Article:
Language also helps to keep outsiders away. Bosker quotes a widely discussed paper on the birth of “International Art English,” a blatantly exclusionary dialect, “not necessarily for communicating,” that instead serves to build tribal identity among art elites. It grew, the argument goes, out of dubious translations of French theory in American magazines in the 1980s and still shapes art-industry-speak, where the francophone suffix -ité is often applied awkwardly to made-up English words. Bosker quotes a news release describing artworks that allegedly “summon forces of indexicality and iconicity from the aspirations, alibis and abuses of sovereignty.”

“Art devotees spoke like they were trapped in dictionaries and being forced to chew their way out,” Bosker writes. When she told a curator that a performance art piece was “boring,” the curator disagreed: It wasn’t boring, it was “durational.”

Thankfully, Bosker’s book is neither boring nor durational. She has written a dark comedy of manners, and what she exposes here might be a new kind of country club mentality, where the cultural elite can no longer exclude people based on race, gender or sexual identity, so they come up with clever new ways to build moats around their little castles. “Outsiders,” a gallerist explains, “have zero social currency and just can’t help anyone.”

“Get the Picture” is one of the funniest books I’ve read about New York’s contemporary art scene, even if I disagreed with some of its conclusions about how best to approach and appreciate art. In the latter half of the book, Bosker’s justified sense of alienation from the abusive and condescending power players of the New York scene evolves into a broader attack on all forms of art expertise. After meeting the curators of the Whitney Biennial, she seems surprised that they make their selections based on subjective taste, which she dismisses as “arbitrary.” She questions all prestigious art institutions because their curators are “biased, flawed and operating within certain limitations.” Wouldn’t that apply to all gatekeepers of culture – the juries of the Nobel Prize, the Turner Prize, the Pritzker, not to mention the editors of literary magazines and the like? In her concluding chapters, she tells the reader to “demote context,” which basically means ignoring the intentions of the artist, and asks: “Who says you have to listen to those experts anyhow?”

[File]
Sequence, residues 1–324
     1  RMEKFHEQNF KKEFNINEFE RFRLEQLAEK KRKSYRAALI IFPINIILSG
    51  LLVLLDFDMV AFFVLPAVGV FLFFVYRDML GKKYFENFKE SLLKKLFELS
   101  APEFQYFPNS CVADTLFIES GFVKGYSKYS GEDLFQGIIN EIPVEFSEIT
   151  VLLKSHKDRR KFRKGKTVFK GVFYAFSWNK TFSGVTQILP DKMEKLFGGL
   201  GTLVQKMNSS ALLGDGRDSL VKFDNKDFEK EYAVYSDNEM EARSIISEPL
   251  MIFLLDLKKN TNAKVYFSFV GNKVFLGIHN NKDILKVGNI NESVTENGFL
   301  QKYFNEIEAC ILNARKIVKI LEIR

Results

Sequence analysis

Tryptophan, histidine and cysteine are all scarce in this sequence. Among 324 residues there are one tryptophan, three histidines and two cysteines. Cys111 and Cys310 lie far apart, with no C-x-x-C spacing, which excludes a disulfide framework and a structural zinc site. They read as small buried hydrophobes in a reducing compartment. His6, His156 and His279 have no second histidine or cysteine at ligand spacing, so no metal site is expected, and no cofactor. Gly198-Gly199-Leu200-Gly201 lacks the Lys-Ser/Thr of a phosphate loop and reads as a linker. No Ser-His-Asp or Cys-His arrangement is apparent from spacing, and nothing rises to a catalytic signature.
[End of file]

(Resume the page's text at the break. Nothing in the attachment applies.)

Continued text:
This faux populism is dismissive not just of curators but of all scholarship. The problem with the contemporary art world is not that everyone in a position of power is a liar and a fraud, but that even the most brilliant people have built or wield such efficient tools for exclusion. Instead of dismissing the knowledge harnessed in these institutions, we should try to make their expertise more accessible.

Bosker implicitly makes this case herself, since many experts in the book – artists, gallerists – become the heroes of the story, providing wisdom on and insight into art. Even the initial villain, the hip gallerist Jack Barrett, is redeemed, thanks to his clearly deep and contagious passion for challenging, complex works.

It’s the collectors who come across as deranged and vapid. One of them, in a typical macho power play, storms into a Tribeca gallery with his entire family in tow, just to humiliate the gallerist for “liking” an inappropriate Instagram post. Another – in Miami, of course – admits that he collects art only to impress girls.

So perhaps a better takeaway from the book is: Trust the experts, not the money. Persuading curious, aspiring art novices to ignore the vast expertise that contextualizes art would be a shame, because they would, for example, miss out on Bosker’s otherwise brilliant book.

Martin Gelin is a journalist based in Paris and New York, and the author of the forthcoming book “Rules of Attraction: Why Soft Power Matters in Hard Times.”